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1-866-442-CANCER (2262)

Cancer Services Program
Bureau of Chronic Disease Control
New York State Department of Health
Riverview Center, Suite 350
Albany, NY 12204-0678
canserv@health.state.ny.us

About Bone Cancer

What should people know about bone cancer?

Bone is a hard connective tissue that makes up the skeleton and provides shape to the body. Bone provides support and protects many of the body's fragile organs. Most bones start out as cartilage, a firm rubbery tissue that cushions bones and joints. After the bone is formed, some cartilage may remain at the ends to serve as a cushion between bones, such as in the knee or shoulder.

Many types of cancer (such as breast cancer, prostate cancer and lung cancer) frequently spread to the bones. This is called metastasis. This fact sheet only includes information about cancer that began in the bone (called primary bone cancer); cancers that began in other parts of the body and spread to the bone (metastases) are not included.

There are a number of different types of bone cancer. The most common types are osteosarcoma, chondrosarcoma, and Ewing sarcoma.

  • Osteosarcoma, also called osteogenic sarcoma, is the most common type of bone cancer. It accounts for about 35% of bone cancers in the US. Osteosarcoma often occurs in the ends of the long bones of the arms and legs, where new tissue forms as young adults grow. It occurs most often in young people (ages 10 to 30), but can occur in older people.
  • Chondrosarcoma is cancer of the cartilage and is the second most common type of bone cancer. It accounts for about 25% of all bone cancers in the US. Chondrosarcoma is rare in young people, occurring mostly in adults age 50 and over. Chondrosarcomas usually occur in cartilage around the pelvis, knee, shoulder or upper part of the thigh.
  • Ewing sarcoma is the third most common type of bone cancer, and the second most common type among children. It usually occurs in the shaft of the bone, most often in the hip, ribs, upper arm and thigh. Ewing sarcoma mostly affects children and young adults between the ages of 10 and 30. Ewing sarcoma accounts for about 15% of bone cancers in the US.

Each year in New York State, about 100 men and 100 women (including children) are diagnosed with bone cancer. About 40 men and 35 women, again including children, in New York die of the disease each year.

Who gets bone cancer?

Although bone cancer can occur at any age, two of the most common types (osteosarcoma and Ewing sarcoma) occur primarily in children and young adults. Certain types of bone cancer, such as osteosarcoma, are more common among men than women. Ewing sarcoma occurs most frequently in Whites and is very rare in Blacks and Asians.

What factors increase risk for developing bone cancer?

At this time, the causes of bone cancer are not well understood. However, scientists agree that certain factors increase a person's risk of developing this disease. These risk factors include:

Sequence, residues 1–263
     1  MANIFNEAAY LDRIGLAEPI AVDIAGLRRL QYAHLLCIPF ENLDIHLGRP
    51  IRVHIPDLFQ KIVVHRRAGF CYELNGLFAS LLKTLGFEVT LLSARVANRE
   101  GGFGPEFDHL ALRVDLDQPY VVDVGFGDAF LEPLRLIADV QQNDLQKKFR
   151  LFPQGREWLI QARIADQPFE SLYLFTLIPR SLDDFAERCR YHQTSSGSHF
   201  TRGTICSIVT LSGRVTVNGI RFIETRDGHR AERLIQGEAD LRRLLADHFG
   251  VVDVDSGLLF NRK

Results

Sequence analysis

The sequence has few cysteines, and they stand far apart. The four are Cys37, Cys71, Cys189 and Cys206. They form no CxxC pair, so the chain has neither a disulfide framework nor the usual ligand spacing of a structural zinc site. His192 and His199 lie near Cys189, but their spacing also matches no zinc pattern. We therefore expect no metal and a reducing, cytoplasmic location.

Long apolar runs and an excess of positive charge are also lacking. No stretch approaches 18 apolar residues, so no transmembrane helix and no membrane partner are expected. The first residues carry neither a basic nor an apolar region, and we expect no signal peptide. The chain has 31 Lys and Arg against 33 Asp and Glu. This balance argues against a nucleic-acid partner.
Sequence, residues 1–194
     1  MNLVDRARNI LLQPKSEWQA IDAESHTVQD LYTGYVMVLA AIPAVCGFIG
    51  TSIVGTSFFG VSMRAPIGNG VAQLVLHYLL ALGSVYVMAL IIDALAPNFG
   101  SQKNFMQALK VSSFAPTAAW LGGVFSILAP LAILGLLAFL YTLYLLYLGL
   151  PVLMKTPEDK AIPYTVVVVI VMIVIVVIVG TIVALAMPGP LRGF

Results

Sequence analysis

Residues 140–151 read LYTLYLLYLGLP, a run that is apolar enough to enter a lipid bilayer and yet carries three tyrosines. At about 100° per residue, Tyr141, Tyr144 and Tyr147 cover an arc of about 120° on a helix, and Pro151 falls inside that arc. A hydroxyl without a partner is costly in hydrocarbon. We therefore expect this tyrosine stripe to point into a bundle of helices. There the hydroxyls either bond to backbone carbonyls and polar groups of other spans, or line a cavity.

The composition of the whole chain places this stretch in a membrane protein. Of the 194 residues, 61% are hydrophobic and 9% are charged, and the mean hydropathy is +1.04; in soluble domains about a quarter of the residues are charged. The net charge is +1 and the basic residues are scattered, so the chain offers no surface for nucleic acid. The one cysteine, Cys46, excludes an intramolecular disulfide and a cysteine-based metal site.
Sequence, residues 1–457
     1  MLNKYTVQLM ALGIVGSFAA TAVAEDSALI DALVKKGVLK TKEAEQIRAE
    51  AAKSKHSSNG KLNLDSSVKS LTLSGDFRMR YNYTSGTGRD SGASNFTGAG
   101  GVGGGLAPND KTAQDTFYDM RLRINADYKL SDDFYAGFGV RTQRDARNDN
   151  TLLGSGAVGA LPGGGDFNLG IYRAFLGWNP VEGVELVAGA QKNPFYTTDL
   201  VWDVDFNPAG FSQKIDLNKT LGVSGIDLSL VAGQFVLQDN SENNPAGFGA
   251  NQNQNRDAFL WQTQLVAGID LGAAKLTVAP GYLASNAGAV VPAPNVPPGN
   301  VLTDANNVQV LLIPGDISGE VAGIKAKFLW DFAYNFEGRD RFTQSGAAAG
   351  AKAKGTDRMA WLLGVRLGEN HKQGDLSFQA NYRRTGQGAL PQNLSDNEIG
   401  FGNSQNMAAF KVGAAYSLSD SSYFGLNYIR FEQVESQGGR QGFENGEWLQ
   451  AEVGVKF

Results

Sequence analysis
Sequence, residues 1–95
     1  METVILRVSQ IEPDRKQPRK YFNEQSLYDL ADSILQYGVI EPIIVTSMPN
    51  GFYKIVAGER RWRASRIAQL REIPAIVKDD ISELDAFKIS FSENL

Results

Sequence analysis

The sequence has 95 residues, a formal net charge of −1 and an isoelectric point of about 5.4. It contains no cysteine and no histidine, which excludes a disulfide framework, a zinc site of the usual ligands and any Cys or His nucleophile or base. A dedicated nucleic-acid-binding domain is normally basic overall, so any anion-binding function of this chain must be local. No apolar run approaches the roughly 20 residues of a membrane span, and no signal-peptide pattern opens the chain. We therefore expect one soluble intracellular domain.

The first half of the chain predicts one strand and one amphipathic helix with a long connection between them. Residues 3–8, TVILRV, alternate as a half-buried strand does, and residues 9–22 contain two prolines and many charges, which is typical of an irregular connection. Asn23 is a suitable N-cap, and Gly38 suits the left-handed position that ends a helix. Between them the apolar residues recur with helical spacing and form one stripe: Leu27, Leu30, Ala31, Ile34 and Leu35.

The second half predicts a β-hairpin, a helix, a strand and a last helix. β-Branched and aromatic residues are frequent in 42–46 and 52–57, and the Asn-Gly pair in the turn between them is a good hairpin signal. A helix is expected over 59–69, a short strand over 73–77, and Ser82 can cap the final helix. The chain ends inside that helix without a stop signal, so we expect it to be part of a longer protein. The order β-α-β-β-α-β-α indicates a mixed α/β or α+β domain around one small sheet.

• Hereditary conditions and family history. People with certain inherited diseases (Li-Fraumeni syndrome, Rothmund-Thomson syndrome) are at increased risk for bone cancer. Children who have had hereditary retinoblastoma (a rare cancer of the eye) are at greater risk of developing bone cancer.
  • Ionizing radiation. Exposure to high doses of ionizing radiation (such as radiation treatment for other cancers) increases the risk of getting bone cancer.
  • Paget's disease. People with Paget's disease, a condition of abnormal bone growth, are at increased risk for bone cancer.

What other risk factors for bone cancer are scientists studying?

Scientists are studying other possible risk factors for bone cancer such as bone marrow transplantation and genetic changes. They are also examining the role medical implants or injuries may have in the development of bone cancer. Additional research is needed to determine the role, if any, these factors may have in the development of bone cancer.

What can I do to reduce my chances of getting bone cancer?

To help reduce the risk of getting bone cancer:

  • Be aware of your family history and discuss any concerns with your health care provider.
  • Discuss the risks and benefits of medical imaging, such as CT scans, with your health care provider to avoid unnecessary exposure to ionizing radiation. This is particularly important for children.

How else can I reduce my risk for cancer?

The following may help reduce the risk of developing cancer:

  • Choose a healthy diet to achieve and maintain a healthy weight. Eat more vegetables, fruits and whole grains and eat less red and processed (e.g., bacon, sausage, luncheon meat, hot dogs) meats. These actions may reduce the risk of developing many types of cancer as well as other diseases.
  • Exercise regularly.
  • Do not smoke. If you currently smoke, quit. Avoid exposure to second hand smoke. For more information on quitting smoking, visit the NYS Smoker's Quitline at www.nysmokefree.com or call 1-866-NY-QUITS.
  • Talk with your health care provider about recommended cancer screenings.

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